The most revealing moment in Elaine Chao’s otherwise dry confirmation hearing to become secretary of transportation came when Tammy Duckworth, Illinois’s freshly elected senator and a licensed pilot, described the time a drone almost got her killed.
“I have flown not too far from here and was flying at 2,500 feet when a remotely controlled vehicle flew off the nose of my aircraft and missed my propeller by about 2 feet,” Duckworth said. “Let me just say it scared the living heck out of me. It should not have been there. And so I will be monitoring the drone rules and programs very closely.”
It was a vivid reminder of the very high stakes in drone regulation. Lots of people at Wednesday’s hearing agreed that the Federal Aviation Administration needs to protect safety without unduly stifling innovation, but Duckworth’s anecdote helped to make the abstract concept of safety very concrete.
If she’s confirmed as Donald Trump’s secretary of transportation, Chao and her team at the FAA will have some big decisions to make about the future of unmanned aviation. Amazon and other companies have been working on technology for automated drone deliveries. But these services can’t operate in the United States because current regulations require drones to operate within view of a human operator.
There’s a strong case for the FAA to revise these rules. But it’s never going to be realistic for the agency to totally deregulate this market — the danger of poorly managed drones running into passenger airplanes or crashing in populated areas is too great.
One big question for the FAA will be how to ensure that people operating drones actually comply with the rules. As Duckworth notes, the drone that almost hit her airplane should never have been 2,500 feet in the air — an altitude that’s reserved for larger aircraft. But right now, compliance with the rules for small drones is largely on the honor system.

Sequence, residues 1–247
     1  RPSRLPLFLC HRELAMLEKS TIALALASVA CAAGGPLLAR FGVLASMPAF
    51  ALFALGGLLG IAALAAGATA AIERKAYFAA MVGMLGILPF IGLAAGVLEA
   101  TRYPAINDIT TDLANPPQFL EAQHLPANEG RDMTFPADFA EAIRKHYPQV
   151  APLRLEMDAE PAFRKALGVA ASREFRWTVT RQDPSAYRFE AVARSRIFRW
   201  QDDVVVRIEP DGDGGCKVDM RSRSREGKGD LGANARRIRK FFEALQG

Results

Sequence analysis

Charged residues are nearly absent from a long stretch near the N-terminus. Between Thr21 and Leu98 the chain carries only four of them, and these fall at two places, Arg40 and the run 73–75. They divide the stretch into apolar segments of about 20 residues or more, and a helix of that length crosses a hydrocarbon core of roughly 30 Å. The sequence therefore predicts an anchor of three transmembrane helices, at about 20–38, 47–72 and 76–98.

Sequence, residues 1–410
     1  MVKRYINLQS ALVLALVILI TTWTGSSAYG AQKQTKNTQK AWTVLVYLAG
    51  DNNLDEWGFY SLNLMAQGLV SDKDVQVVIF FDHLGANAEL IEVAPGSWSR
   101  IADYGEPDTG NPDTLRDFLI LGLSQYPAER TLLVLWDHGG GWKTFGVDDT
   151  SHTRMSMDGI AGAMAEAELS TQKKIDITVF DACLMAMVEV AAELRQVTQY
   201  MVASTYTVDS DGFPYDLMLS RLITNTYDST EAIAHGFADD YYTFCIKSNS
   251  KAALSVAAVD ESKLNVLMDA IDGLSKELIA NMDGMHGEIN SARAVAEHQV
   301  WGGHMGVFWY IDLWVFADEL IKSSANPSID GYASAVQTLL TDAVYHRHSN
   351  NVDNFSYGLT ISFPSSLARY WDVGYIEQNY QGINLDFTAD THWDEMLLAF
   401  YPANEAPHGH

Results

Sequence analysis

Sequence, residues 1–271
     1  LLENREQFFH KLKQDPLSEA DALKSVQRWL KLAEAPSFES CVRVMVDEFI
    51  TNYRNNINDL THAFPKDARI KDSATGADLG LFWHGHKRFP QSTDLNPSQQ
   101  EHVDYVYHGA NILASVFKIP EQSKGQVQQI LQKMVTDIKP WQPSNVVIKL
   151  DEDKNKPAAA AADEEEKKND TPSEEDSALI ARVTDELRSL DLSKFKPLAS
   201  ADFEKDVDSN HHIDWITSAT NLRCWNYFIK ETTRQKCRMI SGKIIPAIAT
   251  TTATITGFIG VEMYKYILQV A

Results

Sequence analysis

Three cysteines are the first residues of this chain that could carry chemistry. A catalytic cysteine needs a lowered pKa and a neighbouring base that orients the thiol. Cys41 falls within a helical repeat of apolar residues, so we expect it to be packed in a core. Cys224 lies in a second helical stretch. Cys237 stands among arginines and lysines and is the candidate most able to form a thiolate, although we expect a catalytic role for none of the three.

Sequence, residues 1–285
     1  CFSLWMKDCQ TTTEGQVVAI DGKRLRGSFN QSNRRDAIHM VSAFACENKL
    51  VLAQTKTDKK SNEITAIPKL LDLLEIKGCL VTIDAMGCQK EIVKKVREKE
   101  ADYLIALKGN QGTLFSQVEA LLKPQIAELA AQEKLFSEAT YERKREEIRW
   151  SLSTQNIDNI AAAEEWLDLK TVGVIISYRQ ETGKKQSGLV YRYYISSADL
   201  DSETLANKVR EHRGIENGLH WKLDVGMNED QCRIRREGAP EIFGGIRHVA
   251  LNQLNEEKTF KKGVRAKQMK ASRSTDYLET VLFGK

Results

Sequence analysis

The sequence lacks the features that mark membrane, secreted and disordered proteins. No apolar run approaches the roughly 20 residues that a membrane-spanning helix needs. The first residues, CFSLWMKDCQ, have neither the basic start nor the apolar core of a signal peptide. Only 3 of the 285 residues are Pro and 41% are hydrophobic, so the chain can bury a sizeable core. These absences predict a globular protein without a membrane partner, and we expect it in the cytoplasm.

One direction the FAA could go is to require all drones to participate in a uniform tracking scheme so the authorities can quickly identify vehicles that fail to follow the rules. That could be as simple as requiring drones to display serial numbers, or as complex as requiring them to have transponders or GPS tracking devices that allow the authorities to track their progress at all times.
In a pair of white papers published in 2015, Amazon laid out its own vision for drone delivery regulations. Autonomous drones would need a GPS and highly accurate geospatial data, a reliable internet connection, the ability to communicate wirelessly with other drones, and sensors to detect and avoid collisions with other objects in the sky.
Presumably, that would serve Amazon’s business needs. But there’s a risk that these relatively complex requirements could prove too burdensome for smaller companies or — conversely — that it leaves too much room for less reputable companies to build drones that endanger people’s lives and safety.
Ultimately, though, there’s no way to completely eliminate risk while allowing experimentation. If more unmanned devices start whizzing through the air, one of them will eventually collide with an airplane or crash on a human being. Maybe even a senator.
Correction: I originally described Duckworth as an “amateur pilot,” but in light of her military service it’s more accurate to describe her as a licensed pilot.